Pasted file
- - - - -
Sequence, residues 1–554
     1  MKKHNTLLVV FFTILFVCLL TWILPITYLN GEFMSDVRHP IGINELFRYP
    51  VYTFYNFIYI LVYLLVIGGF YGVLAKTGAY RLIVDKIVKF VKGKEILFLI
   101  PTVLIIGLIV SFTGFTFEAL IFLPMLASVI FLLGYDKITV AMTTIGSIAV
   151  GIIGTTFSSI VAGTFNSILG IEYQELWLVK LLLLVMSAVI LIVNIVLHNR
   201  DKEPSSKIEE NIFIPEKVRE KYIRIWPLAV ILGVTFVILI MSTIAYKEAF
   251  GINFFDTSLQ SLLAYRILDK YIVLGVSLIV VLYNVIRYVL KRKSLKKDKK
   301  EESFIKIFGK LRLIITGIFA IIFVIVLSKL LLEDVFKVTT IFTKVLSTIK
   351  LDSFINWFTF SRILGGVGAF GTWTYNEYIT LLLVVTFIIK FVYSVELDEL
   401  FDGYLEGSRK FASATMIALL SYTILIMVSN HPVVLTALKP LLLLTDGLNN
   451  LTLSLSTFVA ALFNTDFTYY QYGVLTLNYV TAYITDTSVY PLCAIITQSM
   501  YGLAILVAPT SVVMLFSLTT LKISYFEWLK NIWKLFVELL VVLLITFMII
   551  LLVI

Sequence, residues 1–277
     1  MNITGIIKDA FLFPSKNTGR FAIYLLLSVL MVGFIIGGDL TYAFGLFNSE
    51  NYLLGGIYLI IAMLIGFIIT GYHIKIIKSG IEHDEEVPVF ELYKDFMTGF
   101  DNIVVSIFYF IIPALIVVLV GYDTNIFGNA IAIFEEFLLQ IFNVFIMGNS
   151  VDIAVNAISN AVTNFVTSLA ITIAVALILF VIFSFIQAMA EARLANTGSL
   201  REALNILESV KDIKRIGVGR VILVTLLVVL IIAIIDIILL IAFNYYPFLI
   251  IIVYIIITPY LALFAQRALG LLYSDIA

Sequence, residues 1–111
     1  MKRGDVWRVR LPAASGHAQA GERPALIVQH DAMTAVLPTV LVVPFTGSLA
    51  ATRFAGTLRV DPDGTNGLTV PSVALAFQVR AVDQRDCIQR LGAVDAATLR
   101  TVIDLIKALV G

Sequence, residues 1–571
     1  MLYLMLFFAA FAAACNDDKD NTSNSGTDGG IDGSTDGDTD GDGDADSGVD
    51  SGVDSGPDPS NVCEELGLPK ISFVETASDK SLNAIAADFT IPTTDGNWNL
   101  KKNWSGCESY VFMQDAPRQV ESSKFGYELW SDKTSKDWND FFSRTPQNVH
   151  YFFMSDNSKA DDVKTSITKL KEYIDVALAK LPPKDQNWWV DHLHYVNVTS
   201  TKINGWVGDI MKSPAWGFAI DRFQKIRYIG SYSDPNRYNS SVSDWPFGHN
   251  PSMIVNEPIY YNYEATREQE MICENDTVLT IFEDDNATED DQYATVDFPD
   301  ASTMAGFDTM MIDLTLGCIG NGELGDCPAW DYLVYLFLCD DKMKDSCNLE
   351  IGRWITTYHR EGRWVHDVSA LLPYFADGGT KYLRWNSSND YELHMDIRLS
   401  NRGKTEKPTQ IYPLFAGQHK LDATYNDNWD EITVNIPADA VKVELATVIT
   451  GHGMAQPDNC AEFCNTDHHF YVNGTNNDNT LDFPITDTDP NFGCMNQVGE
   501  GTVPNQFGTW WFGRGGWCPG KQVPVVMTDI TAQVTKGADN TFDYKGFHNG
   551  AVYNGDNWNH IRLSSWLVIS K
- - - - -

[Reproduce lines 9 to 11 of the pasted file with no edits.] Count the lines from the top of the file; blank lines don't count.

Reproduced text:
   351  LDSFINWFTF SRILGGVGAF GTWTYNEYIT LLLVVTFIIK FVYSVELDEL
   401  FDGYLEGSRK FASATMIALL SYTILIMVSN HPVVLTALKP LLLLTDGLNN
   451  LTLSLSTFVA ALFNTDFTYY QYGVLTLNYV TAYITDTSVY PLCAIITQSM